Biden: ‘Armageddon’ risk highest since 1962

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ALBUQUERQUE, N.M. – A disturbing threat from Russian President Vladimir Putin, and a dire warning from U.S. President Biden occurred recently. 

You may not be seeing the war in Ukraine in the news every day, but reports show Russia is losing and as Russian forces retreat, Putin is talking more about using nuclear weapons.  

President Biden is warning that the world is closer than it’s ever been to nuclear war since the Cuban Missile Crisis — tension that happened 60 years ago that the president is drawing comparisons to.

The director of the National Museum of Nuclear Science and History reminds us just how close we came to nuclear war in the 1960s.

President Joe Biden made stern remarks Thursday on the nuclear state of the world at the Democratic Senatorial Campaign Committee Reception, President Biden said in part, 

“We have not faced the prospect of Armageddon since Kennedy and the Cuban Missile Crisis.” 

Relating today’s tensions to what could have been in 1962.

Flashback 60 years ago, to a time of major concern — the Nuclear Science Museum Director Jim Walther describes how close we got to nuclear war. 

“The Soviet Union had placed in Cuba, which is only 90 miles away from the United States, missiles — they were identified as being there,” Walther said. “President Kennedy found that that was unacceptable. We were in one of the probably most dangerous times for a nuclear exchange between these two countries at that time. They were eventually removed.”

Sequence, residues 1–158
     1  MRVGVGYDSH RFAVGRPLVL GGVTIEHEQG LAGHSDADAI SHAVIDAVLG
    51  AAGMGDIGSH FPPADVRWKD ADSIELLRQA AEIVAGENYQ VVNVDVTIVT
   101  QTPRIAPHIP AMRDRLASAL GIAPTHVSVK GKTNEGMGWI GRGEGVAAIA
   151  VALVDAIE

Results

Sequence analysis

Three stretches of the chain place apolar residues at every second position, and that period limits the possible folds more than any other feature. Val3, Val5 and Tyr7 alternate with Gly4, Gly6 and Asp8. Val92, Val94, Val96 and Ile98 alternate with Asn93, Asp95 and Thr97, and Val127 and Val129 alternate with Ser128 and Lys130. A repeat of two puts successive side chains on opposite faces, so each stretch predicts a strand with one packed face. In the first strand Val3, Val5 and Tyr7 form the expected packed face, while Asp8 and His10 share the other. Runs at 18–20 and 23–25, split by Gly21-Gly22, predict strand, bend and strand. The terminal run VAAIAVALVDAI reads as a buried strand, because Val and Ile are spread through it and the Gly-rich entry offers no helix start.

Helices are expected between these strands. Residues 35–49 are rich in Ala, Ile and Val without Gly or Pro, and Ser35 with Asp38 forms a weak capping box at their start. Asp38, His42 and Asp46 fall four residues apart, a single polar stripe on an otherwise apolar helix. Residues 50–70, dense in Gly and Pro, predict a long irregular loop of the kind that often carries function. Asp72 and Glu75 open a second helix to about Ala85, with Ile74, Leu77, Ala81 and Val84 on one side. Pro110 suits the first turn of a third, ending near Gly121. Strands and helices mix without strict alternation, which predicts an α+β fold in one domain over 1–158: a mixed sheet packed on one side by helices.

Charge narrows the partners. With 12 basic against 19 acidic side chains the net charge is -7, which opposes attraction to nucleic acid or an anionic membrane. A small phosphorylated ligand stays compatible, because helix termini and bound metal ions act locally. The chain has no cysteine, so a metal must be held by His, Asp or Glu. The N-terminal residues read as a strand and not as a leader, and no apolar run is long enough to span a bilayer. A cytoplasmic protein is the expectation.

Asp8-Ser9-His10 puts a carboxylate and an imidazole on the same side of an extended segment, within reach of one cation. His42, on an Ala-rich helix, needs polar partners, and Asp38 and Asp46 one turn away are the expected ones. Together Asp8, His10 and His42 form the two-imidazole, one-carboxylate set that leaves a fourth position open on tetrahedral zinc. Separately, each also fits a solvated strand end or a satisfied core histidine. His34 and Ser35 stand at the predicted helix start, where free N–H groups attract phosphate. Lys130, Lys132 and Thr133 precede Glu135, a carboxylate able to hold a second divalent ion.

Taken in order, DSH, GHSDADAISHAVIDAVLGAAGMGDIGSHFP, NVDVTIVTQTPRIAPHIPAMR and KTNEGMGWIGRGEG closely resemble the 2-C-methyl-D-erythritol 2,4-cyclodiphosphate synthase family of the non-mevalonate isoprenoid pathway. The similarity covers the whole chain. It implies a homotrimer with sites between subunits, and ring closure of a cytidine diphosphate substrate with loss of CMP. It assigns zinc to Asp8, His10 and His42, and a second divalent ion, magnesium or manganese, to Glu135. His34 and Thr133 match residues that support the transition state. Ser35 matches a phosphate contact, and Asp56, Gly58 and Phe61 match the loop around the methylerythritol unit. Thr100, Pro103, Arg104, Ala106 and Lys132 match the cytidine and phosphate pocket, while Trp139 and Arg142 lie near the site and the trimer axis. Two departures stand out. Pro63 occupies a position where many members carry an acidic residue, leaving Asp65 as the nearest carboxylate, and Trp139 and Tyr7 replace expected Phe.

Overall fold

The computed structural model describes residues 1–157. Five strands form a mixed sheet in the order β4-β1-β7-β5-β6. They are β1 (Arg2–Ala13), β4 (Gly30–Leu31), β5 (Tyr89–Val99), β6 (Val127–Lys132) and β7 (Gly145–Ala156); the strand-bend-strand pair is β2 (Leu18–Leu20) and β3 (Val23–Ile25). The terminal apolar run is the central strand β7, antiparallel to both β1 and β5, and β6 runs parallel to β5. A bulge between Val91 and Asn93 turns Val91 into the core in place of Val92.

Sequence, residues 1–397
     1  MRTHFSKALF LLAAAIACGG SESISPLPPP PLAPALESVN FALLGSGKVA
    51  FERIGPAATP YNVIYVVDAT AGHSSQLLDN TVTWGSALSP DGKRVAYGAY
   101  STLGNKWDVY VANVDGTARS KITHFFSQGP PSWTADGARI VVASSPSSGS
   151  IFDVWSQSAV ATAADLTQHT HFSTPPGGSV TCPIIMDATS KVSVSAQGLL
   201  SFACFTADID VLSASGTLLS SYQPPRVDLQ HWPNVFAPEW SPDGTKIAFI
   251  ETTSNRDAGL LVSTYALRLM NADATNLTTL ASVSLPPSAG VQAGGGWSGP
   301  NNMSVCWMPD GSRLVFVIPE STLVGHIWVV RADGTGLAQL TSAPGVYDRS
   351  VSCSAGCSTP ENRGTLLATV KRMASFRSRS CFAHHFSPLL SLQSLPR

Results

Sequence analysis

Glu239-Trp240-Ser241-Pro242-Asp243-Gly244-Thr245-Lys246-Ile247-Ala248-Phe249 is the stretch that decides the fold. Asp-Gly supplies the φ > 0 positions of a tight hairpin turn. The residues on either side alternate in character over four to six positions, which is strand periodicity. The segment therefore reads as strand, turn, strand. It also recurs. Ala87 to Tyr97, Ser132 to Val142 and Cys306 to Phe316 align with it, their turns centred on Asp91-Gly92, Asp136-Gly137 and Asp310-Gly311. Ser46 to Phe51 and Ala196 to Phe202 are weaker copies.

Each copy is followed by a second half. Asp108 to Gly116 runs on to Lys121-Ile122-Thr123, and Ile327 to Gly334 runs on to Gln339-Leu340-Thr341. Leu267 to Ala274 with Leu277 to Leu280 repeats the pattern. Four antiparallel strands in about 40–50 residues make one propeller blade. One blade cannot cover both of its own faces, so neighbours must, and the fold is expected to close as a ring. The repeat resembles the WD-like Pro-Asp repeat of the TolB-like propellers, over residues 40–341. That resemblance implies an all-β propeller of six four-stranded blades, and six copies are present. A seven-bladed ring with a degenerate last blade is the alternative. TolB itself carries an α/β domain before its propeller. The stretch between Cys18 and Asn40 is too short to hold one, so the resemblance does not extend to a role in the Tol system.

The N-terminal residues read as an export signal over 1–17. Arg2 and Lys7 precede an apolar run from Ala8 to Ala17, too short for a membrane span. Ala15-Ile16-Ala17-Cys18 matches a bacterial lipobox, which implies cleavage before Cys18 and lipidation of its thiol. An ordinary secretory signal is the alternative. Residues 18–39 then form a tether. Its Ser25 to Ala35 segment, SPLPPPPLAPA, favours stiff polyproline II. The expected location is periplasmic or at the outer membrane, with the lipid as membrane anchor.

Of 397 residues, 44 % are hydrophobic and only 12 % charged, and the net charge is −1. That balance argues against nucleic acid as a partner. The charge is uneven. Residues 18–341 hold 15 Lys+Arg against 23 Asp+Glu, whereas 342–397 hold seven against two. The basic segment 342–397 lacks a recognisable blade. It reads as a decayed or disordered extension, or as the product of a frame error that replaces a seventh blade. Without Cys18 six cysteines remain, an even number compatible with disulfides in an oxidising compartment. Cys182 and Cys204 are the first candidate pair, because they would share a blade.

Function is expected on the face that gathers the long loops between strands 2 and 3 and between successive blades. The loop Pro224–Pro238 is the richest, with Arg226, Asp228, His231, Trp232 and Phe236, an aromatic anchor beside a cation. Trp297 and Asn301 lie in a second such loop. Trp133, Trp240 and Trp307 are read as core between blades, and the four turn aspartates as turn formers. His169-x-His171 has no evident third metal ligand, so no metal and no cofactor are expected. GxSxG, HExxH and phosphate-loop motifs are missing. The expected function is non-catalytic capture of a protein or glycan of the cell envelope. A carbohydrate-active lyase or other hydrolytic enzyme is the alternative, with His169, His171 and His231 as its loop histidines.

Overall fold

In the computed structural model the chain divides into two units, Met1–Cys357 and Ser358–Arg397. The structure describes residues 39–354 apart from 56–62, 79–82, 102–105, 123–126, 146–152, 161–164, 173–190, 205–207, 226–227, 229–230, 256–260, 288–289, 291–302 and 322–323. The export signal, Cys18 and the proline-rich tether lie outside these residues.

Walther was just six years old when the Cuban Missile Crisis occurred. 

“I was in grade school and I remember being told to be prepared for things never happened,” Walther said. 

Even at the young age of an elementary student, Walther remembers the heightened sense all around. 

“It was a high time of danger during the cold war and children were expected to duck and cover and get under their desks,” Walther said. “There were civil defense bomb shelters throughout the nation.”

Today, despite their size, it’s conveyed by many that any use of a nuclear weapon can have a major global impact, just as it could have in the past.           

“Back then the atomic weapons that the United States possessed weren’t as strong as they could be later during the Cold War,” Walther said. “Still, if we’d had an exchange, it would have changed the world.”

During the Cold War, the sheer size and power of nuclear weapons were enough to scare both sides from ever using them but what has changed now is the development of so-called “tactical nukes.”            

These are smaller warheads — not the type of nukes that many worried about during the Cold War.           

Military analysts believe if Putin uses nuclear weapons at all, he’s most likely to use a small weapon somewhere in Ukraine. 

Some Russian officials — including the head of Russia’s Chechnya region — have already called for using such small nukes. 

That would make this the biggest possible threat we’ve seen since 1962. 

“No one knows how close we came. There are people who study this history and feel like we were very close there,” said Walther. “There were people ready.”

 While tactical nukes are designed to be less destructive, the use of even one would be the first time a nuclear weapon was used since World War II. 

It’s also worth noting larger nukes are still in Russian and American arsenals as well. 

President Biden is worried about escalation, saying:

“I don’t think there’s any such thing as the ability to easily use a tactical nuclear weapon and not end up with Armageddon.”